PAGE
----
Building sustainability on campus

Continuing efforts to green up U of W’s ecological footprint

The University of Winnipeg (U of W) is taking steps beyond the installation of the biomass furnace heating system with some new ideas and some continuing efforts for sustainability on campus.

According to Joe Wasylycia-Leis, U of W’s campus sustainability co-ordinator, the furnace has integrated well with the rest of the institution’s custodial operations.

“It fits with the general trend in facilities, such as there are now skills and practices in place for working with new technology,” he says. “The boiler will be fairly low maintenance, other than the times where it will need to be filled up with (biomass) pellets.”

“One of the exciting parts about (the biomass furnace) is that it is a bit of a trial project in partnership with Manitoba Hydro,” Wasylycia-Leis says. “It presents an opportunity for our facilities team to test out different fuels.”

Wasylycia-Leis says the U of W’s sustainability strategy places great importance on meeting and exceeding Canada’s commitments to the Paris Climate Agreement, which presents larger sustainability goals for countries to work towards.

“We have to show leadership as a public institution,” he says.

Gabrielle Geiger-Wolf, a third-year U of W science student notices many sustainability efforts on campus aside from the biomass furnace.

“Lots of students (at U of W) use the U-Pass,” she says. “It encourages students to take the bus rather than driving.”

Geiger-Wolf also notices the designated waste bins for garbage, recycling and compost, as well as many green-oriented changes to the Richardson College.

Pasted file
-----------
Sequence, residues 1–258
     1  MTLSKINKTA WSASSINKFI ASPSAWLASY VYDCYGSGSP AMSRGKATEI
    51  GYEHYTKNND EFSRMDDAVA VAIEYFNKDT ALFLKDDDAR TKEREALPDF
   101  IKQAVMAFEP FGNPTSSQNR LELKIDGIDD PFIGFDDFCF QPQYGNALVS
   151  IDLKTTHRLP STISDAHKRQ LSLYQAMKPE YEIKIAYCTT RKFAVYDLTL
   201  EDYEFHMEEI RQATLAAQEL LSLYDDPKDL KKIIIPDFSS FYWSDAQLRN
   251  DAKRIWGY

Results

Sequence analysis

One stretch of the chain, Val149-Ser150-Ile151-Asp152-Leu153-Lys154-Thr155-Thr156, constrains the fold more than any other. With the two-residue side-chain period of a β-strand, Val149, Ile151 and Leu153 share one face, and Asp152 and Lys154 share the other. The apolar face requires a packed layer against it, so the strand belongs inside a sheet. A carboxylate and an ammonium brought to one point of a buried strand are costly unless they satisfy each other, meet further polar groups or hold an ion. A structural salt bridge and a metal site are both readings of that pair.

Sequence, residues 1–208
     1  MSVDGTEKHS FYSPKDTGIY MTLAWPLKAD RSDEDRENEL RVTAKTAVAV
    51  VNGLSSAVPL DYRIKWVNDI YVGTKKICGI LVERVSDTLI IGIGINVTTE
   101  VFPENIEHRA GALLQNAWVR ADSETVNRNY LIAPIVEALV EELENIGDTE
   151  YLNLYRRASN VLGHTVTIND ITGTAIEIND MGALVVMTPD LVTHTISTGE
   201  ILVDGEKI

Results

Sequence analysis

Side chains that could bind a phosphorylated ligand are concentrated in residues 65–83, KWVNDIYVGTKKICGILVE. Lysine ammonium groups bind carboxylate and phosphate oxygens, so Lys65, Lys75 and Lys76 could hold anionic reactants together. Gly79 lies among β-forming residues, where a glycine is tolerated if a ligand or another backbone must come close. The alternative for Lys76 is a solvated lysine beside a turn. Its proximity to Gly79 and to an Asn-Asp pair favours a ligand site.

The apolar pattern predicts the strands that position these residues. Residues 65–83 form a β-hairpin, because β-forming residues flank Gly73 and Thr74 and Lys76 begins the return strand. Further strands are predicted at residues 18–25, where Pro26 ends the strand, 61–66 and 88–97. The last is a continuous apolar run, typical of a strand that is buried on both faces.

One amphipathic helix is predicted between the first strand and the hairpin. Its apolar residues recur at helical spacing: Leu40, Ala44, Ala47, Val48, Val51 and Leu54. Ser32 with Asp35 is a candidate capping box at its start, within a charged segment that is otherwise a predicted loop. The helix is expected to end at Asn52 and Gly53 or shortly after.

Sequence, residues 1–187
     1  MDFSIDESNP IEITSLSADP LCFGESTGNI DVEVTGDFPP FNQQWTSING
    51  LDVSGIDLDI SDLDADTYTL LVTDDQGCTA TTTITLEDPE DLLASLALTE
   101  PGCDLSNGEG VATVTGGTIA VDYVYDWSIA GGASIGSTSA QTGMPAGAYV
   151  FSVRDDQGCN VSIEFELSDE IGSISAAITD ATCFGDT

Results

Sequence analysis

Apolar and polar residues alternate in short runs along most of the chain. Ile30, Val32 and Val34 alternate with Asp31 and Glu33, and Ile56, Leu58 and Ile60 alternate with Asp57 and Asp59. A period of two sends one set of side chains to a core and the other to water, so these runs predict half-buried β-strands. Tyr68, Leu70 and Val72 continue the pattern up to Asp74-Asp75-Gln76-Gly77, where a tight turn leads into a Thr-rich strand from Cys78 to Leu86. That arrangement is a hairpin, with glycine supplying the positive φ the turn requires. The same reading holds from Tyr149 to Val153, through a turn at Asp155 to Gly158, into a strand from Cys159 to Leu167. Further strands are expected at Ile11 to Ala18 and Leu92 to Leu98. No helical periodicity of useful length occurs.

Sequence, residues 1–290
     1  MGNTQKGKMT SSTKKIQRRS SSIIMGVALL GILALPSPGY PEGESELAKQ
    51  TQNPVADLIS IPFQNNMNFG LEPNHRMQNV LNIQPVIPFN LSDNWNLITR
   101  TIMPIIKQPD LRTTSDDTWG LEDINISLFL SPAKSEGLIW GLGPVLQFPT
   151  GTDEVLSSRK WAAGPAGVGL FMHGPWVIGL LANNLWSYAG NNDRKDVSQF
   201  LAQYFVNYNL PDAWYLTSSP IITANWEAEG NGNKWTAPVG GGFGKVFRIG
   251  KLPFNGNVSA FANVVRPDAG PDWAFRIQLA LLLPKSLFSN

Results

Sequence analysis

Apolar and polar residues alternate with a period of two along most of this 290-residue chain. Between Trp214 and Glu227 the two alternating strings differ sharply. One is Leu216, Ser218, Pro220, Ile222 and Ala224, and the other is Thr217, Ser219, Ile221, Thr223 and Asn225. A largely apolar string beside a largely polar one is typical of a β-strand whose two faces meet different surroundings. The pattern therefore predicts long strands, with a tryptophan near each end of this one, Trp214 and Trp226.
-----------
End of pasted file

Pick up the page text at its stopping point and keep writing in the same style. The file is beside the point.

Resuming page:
“The most important part for students is paying attention and being aware,” Geiger-Wolf says. “People often don’t take the environment into account, but if they do, they could really make a difference with the smallest actions.”

Those small actions include knowing how to dispose of waste appropriately, Wasylycia-Leis says.

“Every three years, we look at the waste coming out of certain buildings over a time period and evaluate how effective we are at disposing our waste properly,” he says. “Most recently, we’ve found that only 40 per cent of waste on campus is being accurately disposed of. That says to us that we need to do a better job of educating people on how to actually dispose of waste.”

Wasylycia-Leis says helping people take that first step of caring and taking ownership of their actions is very important to the sustainability office.

One way they plan to achieve that is with a change to the annual Grassroots Festival.

“This year we’re calling Grassroots a conference. Instead of having a five-day festival, it’s going to be a two-and-a-half day conference,” Wasylycia-Leis says. “People will be asked to register in advance and attend the whole thing from start to finish, so that we can offer a free and accessible transformative learning experience.”

Wasylycia-Leis says this change to Grassroots will educate people on current environmental issues from a critical perspective and show them ways that they can get involved as change makers.

“Sustainability is twofold for (the U of W). It begins with improving environmental performance - reducing our carbon footprint and diverting our waste from landfills,” Wasylycia-Leis says. “We are also fostering a culture of sustainability and environmental education on campus - so that people who come through our institution leave with a deeper sense of responsibility for making our world more socially and ecologically sustainable.”

Wasylycia-Leis invites students to visit the U of W sustainability office’s Engagement Portal website to get involved in eco-friendly activity on and off campus.

Published in Volume 73, Number 6 of The Uniter (October 18, 2018)

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